When my children were small, fireworks were the highlight of the Fourth of July weekend. We might have a picnic or watch a parade, but nothing could compare to the wonders of explosive colors in the night sky.
I guess there are some people who love fireworks no matter how old they are, whose Fourth of July celebration would not be complete without them. There are families who buy fireworks on vacations to those states where fireworks are legally sold and then set them off in their own backyards despite all the warnings about how unsafe that can be. What I mostly remember about those fireworks displays is the swarms of mosquitoes feeding on my skin, whether it was covered up or not. The itching for days that followed was a constant reminder to me that there was always a price to pay for the glory of one night.
One of my most memorable Fourth of July celebrations was when my oldest daughter lived in Virginia and we took the Metro into D.C. to watch the fireworks. The crowds were overwhelming. I remember sitting on a blanket watching in awe as the fireworks lit up the sky behind the Washington Monument and listening to the patriotic music blare from the speakers. That was the good stuff. The bad stuff came next. First there was a lot of beer-drinking which resulted in very long lines for the huge number of porta-potties set up on the grounds. I remember thinking that if only so many people weren’t drinking beer, maybe I would get the chance to go before pain set in. Then leaving the fireworks was a real challenge. Everyone headed for the Metro station. There were lines to get on the trains, and people were running and pushing and shoving as they tried to make each train. We waited forever to get on, hoping the four of us (my mom, husband, daughter, and I) would make it on the train together. We did not know at the time that it normally takes several hours for people to clear the National Mall area. It seems like it took us more than that to actually make it back to our hotel. Looking back on it, I think it was a worthwhile experience, but certainly just a once-in-a- lifetime one.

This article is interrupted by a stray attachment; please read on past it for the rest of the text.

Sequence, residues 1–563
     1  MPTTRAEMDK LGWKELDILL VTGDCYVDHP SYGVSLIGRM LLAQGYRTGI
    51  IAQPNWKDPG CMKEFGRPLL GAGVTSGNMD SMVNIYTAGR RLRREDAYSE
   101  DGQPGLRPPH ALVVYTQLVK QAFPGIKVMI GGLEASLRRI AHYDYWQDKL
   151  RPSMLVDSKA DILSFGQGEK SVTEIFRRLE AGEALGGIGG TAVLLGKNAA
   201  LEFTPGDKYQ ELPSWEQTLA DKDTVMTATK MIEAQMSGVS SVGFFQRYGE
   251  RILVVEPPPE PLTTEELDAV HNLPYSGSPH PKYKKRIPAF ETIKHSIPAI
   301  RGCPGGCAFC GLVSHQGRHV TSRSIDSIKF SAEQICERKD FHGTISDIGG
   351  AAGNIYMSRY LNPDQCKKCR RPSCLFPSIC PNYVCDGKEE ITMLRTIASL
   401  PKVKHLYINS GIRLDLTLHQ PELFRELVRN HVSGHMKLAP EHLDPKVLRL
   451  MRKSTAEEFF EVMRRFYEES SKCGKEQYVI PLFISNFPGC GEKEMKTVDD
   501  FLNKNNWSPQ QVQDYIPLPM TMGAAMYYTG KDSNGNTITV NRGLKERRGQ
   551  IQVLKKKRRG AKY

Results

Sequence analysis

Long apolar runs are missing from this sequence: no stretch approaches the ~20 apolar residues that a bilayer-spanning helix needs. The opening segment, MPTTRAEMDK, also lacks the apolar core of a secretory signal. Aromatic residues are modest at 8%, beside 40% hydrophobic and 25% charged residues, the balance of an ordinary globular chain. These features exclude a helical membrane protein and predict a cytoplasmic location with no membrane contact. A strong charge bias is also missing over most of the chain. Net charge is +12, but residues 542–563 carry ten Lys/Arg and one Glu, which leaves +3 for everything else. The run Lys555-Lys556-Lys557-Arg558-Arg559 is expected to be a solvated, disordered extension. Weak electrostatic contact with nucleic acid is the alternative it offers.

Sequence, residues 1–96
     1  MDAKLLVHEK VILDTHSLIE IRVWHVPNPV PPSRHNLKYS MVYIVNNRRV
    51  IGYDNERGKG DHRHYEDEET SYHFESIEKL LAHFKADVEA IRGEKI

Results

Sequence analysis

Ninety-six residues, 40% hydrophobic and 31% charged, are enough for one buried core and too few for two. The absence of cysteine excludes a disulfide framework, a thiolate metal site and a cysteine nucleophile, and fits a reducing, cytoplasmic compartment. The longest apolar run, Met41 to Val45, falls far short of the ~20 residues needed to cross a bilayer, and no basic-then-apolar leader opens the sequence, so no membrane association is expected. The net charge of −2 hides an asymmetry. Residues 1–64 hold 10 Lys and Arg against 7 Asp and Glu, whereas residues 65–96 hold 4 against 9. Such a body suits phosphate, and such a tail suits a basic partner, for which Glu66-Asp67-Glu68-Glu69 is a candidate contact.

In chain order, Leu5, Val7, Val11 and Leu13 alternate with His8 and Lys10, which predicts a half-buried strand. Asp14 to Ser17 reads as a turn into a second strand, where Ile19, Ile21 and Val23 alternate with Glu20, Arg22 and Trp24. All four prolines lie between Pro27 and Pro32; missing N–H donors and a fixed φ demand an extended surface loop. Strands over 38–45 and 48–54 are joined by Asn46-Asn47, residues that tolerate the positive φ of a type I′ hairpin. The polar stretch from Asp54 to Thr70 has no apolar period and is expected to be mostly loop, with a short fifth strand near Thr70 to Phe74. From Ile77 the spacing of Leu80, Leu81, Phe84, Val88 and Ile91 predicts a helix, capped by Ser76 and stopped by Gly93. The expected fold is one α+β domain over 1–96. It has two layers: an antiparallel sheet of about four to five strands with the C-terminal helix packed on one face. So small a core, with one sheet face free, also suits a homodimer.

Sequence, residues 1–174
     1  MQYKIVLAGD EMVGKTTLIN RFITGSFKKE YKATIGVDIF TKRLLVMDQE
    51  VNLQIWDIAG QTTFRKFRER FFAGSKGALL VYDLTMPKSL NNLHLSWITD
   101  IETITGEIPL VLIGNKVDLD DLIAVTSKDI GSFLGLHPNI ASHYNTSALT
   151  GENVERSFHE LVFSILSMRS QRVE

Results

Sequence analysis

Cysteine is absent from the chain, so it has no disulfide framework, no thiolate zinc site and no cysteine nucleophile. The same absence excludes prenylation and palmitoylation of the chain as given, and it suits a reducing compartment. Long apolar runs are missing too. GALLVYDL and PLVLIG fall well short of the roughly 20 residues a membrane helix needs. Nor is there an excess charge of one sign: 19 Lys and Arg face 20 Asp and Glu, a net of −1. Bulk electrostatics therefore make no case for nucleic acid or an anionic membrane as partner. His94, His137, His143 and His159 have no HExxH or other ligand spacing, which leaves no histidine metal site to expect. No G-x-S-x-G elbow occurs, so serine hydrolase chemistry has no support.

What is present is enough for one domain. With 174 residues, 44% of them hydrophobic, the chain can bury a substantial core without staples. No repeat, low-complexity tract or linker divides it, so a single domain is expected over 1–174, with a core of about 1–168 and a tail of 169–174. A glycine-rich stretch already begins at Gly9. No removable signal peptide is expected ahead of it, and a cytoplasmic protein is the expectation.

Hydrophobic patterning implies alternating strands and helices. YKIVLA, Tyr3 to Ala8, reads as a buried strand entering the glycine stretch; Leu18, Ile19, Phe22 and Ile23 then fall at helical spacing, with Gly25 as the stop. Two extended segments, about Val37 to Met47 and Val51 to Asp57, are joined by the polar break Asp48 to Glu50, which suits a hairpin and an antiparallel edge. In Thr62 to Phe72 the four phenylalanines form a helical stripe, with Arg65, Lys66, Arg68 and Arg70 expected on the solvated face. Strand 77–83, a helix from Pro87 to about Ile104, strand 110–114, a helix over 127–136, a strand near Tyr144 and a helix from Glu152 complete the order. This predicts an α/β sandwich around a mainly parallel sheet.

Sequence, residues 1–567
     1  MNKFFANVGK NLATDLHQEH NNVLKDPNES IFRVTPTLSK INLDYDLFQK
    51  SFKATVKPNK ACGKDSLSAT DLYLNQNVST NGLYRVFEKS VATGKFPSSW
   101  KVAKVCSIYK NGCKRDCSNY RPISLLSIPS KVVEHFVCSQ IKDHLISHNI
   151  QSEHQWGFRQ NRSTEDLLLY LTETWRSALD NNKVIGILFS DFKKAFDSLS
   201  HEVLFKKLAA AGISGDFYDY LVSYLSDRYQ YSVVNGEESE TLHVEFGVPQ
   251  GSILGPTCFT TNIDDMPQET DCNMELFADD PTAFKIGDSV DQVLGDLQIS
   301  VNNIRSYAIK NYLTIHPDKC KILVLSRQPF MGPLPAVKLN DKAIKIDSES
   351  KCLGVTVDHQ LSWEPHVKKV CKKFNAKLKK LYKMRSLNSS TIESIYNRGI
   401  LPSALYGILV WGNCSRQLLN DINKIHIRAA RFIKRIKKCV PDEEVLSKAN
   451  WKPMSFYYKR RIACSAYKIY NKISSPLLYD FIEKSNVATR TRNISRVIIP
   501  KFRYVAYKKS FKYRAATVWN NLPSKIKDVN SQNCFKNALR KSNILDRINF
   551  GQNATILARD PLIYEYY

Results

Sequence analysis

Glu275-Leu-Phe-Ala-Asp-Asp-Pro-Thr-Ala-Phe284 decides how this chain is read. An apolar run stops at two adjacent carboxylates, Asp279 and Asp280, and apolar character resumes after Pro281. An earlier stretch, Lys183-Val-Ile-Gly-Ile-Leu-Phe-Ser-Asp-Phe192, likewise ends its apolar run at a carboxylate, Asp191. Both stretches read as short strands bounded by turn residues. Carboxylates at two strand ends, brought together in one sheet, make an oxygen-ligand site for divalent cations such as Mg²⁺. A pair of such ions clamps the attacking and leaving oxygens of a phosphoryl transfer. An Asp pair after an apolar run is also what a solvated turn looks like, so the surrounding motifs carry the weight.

I no longer like to go to fireworks displays. The crowds, the noise, the bugs, and the traffic as everyone leaves at the same time are all deterrents to me now that I am older. My grandchildren are now the ones who love fireworks, although my youngest granddaughter at age two may not be enthralled by the thunderous noise. I will be watching the fireworks on television this year, enjoying the comforts of home while loving the music and the way it coordinates with the brilliant colors and sounds in the darkening sky.
My favorite part of the Fourth of July weekend is actually a result of living in a resort area. Saratoga Springs is a small city, but holidays are always packed with activities for both children and adults. The Fourth of July weekend features fun for children in Congress Park. a parade that includes dogs, a classic car show, and a BBQ and dessert festival throughout the downtown area where people can sample BBQ dishes and special desserts at $1.00 for each taste. It’s still fun for me even though I am a vegetarian with a gluten intolerance, so I don’t get to eat much. It’s the excitement that draws me in, the kids and dogs and noise. After all that, I can go home, curl up on the couch, and enjoy the fireworks from many cities throughout the country. After dark I can hear the sparklers and firecrackers on the lawns of my neighborhood and watch my Australian shepherd as he cowers under the bed. He does not find any joy in the Fourth of July.